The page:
Want to Ride? Let's Go!!!!

There I was, sitting on my little quad, and looking up at the hill in front of me like a death sentence. It was straight up, about 50 feet, and lots of soft gravel. I mean STRAIGHT UP!! I told myself “don’t even try to take this…you are in over your head. They will get more angry at having to call Life Flight to carry me out of here, than at having to turn around and retrace the seven miles back to camp if I refuse. I am just gonna refuse. Yup. I’m not going!”


One by one, I saw the dirt bikes, the Rhino’s, and eventually, the quads, climb the “death hill”. They would stop and watch for the next rider to make the climb. Each one got a big cheer as they topped the summit, and then looked back to watch the next one try. I was the last quad, and I just wanted “out”, but we were too far into the ride to turn around.

“How did I get myself into this?”

As I stared at the loose gravel, the “death hill”, and the group of grinning friends at the top, I remembered….

Getting started in the OHV riding lifestyle is probably one of the most intimidating tasks that I have ever undertaken. I used to drive through the desert on the way to and from my home in San Diego, CA to my Aunt’s house in Lake Havasu, AZ four or five times a year. Each time, I got stuck behind the long conga line of RVers, heading out to the dunes in Glamis, CA to spend their weekends chasing the elusive adrenaline rush that even cowards like me crave (on occasion)!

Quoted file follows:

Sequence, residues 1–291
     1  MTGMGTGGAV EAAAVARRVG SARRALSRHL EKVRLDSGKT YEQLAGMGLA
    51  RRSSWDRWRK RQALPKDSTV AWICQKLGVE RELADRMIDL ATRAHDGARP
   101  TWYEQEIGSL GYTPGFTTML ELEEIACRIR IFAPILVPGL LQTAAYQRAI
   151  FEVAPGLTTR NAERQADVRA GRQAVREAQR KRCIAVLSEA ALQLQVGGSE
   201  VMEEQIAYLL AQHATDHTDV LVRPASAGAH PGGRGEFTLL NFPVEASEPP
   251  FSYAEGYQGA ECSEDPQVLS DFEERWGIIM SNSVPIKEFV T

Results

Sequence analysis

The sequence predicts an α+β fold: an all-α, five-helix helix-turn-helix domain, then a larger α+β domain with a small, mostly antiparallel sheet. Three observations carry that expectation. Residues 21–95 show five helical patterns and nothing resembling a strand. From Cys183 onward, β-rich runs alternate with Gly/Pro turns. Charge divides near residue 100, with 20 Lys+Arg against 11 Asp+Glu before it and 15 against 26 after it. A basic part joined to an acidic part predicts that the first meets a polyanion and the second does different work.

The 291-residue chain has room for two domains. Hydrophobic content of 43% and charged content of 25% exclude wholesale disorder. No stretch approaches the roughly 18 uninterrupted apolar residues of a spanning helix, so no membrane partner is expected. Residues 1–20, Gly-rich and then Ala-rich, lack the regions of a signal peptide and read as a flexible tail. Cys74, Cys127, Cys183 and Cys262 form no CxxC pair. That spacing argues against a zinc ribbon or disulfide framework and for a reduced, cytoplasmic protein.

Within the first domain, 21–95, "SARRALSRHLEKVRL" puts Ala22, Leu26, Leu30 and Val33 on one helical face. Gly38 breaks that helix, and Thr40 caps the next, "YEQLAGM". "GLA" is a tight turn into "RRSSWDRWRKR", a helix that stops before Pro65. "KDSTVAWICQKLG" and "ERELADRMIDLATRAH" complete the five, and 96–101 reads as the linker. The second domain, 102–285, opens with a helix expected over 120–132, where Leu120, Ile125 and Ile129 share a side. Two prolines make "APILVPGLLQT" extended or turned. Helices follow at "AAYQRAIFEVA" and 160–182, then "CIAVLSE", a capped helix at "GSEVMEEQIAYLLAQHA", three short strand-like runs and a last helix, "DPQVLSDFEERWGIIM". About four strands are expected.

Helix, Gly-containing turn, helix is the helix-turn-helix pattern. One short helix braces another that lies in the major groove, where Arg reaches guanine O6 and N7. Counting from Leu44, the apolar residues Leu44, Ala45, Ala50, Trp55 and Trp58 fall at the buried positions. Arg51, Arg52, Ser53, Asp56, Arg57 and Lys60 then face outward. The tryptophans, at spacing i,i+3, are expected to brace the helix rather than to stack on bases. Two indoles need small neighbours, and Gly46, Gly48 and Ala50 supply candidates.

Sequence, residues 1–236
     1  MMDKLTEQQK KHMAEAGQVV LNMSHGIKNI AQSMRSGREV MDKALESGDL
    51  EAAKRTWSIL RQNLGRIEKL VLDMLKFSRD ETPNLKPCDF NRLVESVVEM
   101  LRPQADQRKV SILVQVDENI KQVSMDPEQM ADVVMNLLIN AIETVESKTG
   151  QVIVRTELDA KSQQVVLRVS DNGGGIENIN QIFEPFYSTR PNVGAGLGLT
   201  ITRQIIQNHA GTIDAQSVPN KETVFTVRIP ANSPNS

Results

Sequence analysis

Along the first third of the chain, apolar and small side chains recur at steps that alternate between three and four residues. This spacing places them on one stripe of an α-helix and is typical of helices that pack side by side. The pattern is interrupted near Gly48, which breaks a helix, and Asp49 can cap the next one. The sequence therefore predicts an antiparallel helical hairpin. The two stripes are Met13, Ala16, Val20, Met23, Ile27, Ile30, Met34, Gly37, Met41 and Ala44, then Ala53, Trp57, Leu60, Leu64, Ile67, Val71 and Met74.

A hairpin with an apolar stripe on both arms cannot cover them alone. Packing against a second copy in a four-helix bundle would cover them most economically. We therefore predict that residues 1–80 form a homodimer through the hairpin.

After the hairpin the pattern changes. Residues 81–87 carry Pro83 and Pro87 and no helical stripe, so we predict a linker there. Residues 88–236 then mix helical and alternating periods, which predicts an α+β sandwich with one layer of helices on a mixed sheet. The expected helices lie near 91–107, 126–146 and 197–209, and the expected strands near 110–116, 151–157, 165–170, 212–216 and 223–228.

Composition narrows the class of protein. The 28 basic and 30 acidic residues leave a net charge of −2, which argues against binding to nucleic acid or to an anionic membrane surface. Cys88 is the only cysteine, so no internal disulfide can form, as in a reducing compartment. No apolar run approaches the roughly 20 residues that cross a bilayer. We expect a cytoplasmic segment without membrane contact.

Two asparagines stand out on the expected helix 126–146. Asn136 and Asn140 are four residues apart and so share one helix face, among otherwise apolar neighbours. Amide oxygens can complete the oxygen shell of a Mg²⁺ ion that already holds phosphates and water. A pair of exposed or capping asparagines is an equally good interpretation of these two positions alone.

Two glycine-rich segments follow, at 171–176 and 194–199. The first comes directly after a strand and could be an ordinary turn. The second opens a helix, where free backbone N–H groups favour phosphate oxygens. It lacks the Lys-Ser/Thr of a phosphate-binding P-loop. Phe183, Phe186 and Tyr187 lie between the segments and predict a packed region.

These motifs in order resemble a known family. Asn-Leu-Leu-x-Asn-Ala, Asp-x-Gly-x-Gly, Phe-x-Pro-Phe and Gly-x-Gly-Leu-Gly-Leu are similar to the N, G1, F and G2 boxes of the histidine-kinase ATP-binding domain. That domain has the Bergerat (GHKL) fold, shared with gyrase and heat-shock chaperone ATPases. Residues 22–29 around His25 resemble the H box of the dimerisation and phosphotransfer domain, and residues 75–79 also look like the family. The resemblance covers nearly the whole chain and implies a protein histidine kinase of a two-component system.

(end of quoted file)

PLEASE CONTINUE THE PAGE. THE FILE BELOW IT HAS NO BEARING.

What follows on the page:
“Who are these folks?” I would ask myself. “How can I become one?” And more importantly “How much will this cost me?”

Well, I will tell you that they are anyone and everyone, from every age group, income level, social background, religious affiliation, and racial ethnicity, with a mutual passion for riding and desert camping. I will also tell you that not all start out wisely. This is a great “pass time” for established families that have gotten to the point in life where they can truely enjoy the fruits of many years of labor. This sport, Off Highway Vehicle (OHV) riding, is not always best suited for struggling newly weds or young adults trying to get a foothold on life. Since I have started riding, I have met many young families that have thrown themselves into inextricable debt trying to get into the “riding life” in style, and others that know exactly what they are getting in to, and are well prepared for the financial long haul.